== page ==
Multi-stakeholder participation key to success of smart cities plan
“If we want sustainable growth we have to care for the weaker sections. That is why this government is focussed on creating smart cities, which would provide economic opportunities to all. This would create an environment for inclusive development,” Shankar Aggarwal, secretary, ministry of urban development said.
Aggarwal was making a presentation on ‘Policies of India’s urban future: the 100 smart cities programme’ at the second and last day of Urban Age conference organised by the London School of Economics and Deutsche Bank. The government has initiated key initiatives in this regard. Firstly, the government has initiated clean India movement; it aims to have a clean country by 2019.
This would require a change in the mind set, he said. Second is rejuvenation of heritage towns such as Ajmer, Agra and Varanasi. These cities would be developed in a way that the heritage remains intact. “No doubt, we get agitated in absence of basic civic services in these towns,” he said. Third is urban renewal of 500 cities and fourth is creating 100 smart cities.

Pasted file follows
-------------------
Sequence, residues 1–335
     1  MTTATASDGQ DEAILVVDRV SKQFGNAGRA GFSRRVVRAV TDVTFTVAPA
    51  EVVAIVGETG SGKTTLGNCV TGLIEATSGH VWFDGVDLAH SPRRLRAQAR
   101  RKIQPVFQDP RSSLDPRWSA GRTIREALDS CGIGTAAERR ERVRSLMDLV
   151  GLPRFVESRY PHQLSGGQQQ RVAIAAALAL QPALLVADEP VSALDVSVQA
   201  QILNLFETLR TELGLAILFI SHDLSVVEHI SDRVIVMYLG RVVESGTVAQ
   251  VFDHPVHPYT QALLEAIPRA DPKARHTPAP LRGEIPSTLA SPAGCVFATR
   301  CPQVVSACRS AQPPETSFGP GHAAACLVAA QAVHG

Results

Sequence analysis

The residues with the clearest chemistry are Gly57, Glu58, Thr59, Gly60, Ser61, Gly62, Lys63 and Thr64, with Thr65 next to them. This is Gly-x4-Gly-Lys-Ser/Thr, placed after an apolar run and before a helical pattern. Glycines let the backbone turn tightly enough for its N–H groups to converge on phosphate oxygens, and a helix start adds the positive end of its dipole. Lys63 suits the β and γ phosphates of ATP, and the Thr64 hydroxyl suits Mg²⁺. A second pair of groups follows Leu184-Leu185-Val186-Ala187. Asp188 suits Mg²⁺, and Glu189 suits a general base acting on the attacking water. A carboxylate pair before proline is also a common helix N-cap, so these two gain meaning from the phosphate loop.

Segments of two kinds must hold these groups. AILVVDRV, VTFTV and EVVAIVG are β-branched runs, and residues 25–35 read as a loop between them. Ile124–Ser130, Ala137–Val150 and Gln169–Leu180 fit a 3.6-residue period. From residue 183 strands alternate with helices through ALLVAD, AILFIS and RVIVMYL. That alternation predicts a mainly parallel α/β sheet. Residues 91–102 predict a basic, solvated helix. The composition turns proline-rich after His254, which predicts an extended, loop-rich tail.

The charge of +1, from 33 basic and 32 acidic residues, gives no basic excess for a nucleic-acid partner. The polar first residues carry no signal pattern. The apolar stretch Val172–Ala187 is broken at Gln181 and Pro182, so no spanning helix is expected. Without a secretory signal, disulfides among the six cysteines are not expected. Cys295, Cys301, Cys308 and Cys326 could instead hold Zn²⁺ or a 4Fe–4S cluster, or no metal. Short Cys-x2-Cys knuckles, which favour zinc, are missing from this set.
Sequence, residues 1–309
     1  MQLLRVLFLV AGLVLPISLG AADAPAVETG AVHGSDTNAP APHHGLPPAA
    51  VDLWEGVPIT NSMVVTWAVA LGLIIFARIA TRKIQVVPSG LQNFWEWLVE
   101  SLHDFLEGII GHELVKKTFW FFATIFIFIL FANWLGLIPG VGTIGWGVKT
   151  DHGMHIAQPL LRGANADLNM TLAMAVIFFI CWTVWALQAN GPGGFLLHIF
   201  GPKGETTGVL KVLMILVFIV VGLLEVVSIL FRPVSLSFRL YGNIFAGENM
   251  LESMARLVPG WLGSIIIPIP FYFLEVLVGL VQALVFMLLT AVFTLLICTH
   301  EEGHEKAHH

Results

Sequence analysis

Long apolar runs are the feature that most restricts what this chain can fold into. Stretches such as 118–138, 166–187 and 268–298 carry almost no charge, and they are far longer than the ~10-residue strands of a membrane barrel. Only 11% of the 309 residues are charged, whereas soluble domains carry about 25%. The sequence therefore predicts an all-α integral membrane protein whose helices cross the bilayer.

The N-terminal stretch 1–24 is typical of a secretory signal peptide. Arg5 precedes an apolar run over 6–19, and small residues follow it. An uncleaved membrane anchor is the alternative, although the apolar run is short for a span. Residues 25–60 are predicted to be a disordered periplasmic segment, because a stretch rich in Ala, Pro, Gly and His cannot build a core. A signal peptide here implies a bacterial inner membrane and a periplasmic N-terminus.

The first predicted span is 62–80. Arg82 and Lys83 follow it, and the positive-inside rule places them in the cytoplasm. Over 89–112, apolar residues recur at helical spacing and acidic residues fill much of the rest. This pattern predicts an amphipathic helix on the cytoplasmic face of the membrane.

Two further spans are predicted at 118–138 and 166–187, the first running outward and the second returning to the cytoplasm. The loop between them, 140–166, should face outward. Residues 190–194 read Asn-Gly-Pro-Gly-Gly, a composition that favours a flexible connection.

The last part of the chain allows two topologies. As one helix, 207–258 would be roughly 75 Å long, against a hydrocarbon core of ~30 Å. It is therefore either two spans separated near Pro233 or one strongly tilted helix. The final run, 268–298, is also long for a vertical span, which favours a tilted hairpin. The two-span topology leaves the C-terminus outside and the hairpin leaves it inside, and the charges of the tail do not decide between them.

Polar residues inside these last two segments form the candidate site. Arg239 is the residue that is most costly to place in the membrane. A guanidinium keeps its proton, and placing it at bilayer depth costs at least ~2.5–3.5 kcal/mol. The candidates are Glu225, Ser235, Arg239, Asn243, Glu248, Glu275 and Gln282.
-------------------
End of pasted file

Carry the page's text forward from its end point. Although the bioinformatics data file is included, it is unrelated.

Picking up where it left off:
These cities would leverage information and communication technology for better governance. “But ICT would just be a thin layer. The city will have few core infrastructural elements. First is institutional infrastructure,” he said. This would mean all services would be delivered online. All information will be put online. These initiatives will be aimed at increasing citizen engagement. Second is civic infrastructure.
This would include putting in place adequate water supply, sanitation, garbage and sewage treatment, optical fibre connectivity, mobility systems, which would reduce travel time, he said. If all stakeholders — government, industry, academia, civil society – work together these cities could be transformed in to smarter urban spaces, he said. The idea is to bring peace, progress and prosperity in the society, he added.